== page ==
The data storage 440 may include one or more volatile and/or non-volatile storage components and may be integrated in whole or in part with the processor 438. The data storage 440 may take the form of a non-transitory computer-readable medium and may contain program instructions, that when executed by the processor 438, cause performance of one or more functions. For example, the AS 410 may cause the traffic system 200, the RAPS 300, the MCS 400, the air-chain system 500, an entity included therein, and/or another entity to perform one of more of the functions described in this disclosure. The AS 410 may cause such functions to be performed by sending instructions and/or other data via a communication interface and/or a connection mechanism. The AS 410 may receive data via the same path. In one example, the AS 410 sends and receives data via a video disk control protocol (VDCP).

D. Air-Chain System

FIG. 5 shows the air-chain system 500 in greater detail. The air-chain system 500 may be configured to prepare and broadcast the first VC received from the MCS 400 to a first group of users, and to prepare and broadcast the second VC received from the MCS 400 to a second group of users. The air-chain system 500 may include a first encoder 502, a second encoder 504, a first OBD 506, and a second OBD 508.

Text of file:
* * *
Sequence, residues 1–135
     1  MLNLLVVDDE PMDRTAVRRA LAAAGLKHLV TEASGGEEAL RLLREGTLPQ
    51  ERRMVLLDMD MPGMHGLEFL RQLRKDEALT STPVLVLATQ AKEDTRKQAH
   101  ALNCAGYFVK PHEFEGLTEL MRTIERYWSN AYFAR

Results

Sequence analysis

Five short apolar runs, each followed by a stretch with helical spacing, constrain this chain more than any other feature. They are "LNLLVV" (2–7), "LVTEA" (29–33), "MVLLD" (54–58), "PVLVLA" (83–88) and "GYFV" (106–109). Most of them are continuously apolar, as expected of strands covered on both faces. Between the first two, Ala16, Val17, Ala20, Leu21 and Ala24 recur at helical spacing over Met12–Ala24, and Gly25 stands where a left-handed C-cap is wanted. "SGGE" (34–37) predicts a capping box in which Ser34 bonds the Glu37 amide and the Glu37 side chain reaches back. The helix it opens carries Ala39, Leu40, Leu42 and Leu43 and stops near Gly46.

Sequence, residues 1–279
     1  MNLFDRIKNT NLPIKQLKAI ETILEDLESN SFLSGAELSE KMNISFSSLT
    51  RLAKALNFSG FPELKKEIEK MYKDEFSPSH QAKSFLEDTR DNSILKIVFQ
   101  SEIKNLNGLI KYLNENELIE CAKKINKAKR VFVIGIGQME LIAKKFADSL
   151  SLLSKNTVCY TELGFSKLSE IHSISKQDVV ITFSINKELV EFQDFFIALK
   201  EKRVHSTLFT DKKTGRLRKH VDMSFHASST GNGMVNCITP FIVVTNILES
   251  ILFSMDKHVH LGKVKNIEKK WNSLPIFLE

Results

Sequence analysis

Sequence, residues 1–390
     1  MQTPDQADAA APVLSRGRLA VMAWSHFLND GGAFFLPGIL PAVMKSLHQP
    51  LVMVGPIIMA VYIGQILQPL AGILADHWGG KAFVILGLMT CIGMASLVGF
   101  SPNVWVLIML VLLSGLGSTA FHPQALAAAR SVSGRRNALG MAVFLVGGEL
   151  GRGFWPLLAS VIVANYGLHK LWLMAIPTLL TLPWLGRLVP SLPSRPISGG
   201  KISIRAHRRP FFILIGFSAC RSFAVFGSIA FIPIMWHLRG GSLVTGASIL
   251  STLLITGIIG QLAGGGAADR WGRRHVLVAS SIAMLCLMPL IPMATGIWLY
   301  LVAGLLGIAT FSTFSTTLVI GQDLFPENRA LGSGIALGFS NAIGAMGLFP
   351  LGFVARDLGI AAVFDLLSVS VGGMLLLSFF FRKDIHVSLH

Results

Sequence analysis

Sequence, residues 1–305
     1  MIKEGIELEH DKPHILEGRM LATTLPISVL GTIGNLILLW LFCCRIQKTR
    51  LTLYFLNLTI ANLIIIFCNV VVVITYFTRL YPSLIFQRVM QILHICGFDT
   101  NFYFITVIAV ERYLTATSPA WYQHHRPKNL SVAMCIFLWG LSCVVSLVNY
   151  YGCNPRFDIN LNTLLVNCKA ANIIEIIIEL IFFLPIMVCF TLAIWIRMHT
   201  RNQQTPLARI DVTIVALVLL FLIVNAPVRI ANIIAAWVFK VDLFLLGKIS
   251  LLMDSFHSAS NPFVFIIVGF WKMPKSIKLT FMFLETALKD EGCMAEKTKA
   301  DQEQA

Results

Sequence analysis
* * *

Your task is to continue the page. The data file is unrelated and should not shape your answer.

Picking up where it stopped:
Each encoder 502, 504 may be configured to receive a VC from a source entity, generate a transport stream (TS), and send the generated TS to a destination entity. The TS may be described as including the VC, meaning that the TS includes the encoded representation of the VC, among other things. The first encoder 502 may include an input 510 and an output 512, each of which may be connected by a connection mechanism (not shown). The first bypass switcher 406 may be connected to the first encoder 502 via the output 430 and the input 510. Likewise, the second encoder 504 may include an input 514 and an output 516, each of which may be connected by a connection mechanism (not shown). The second bypass switcher 408 may be connected to the second encoder 504 via the output 436 and the input 514.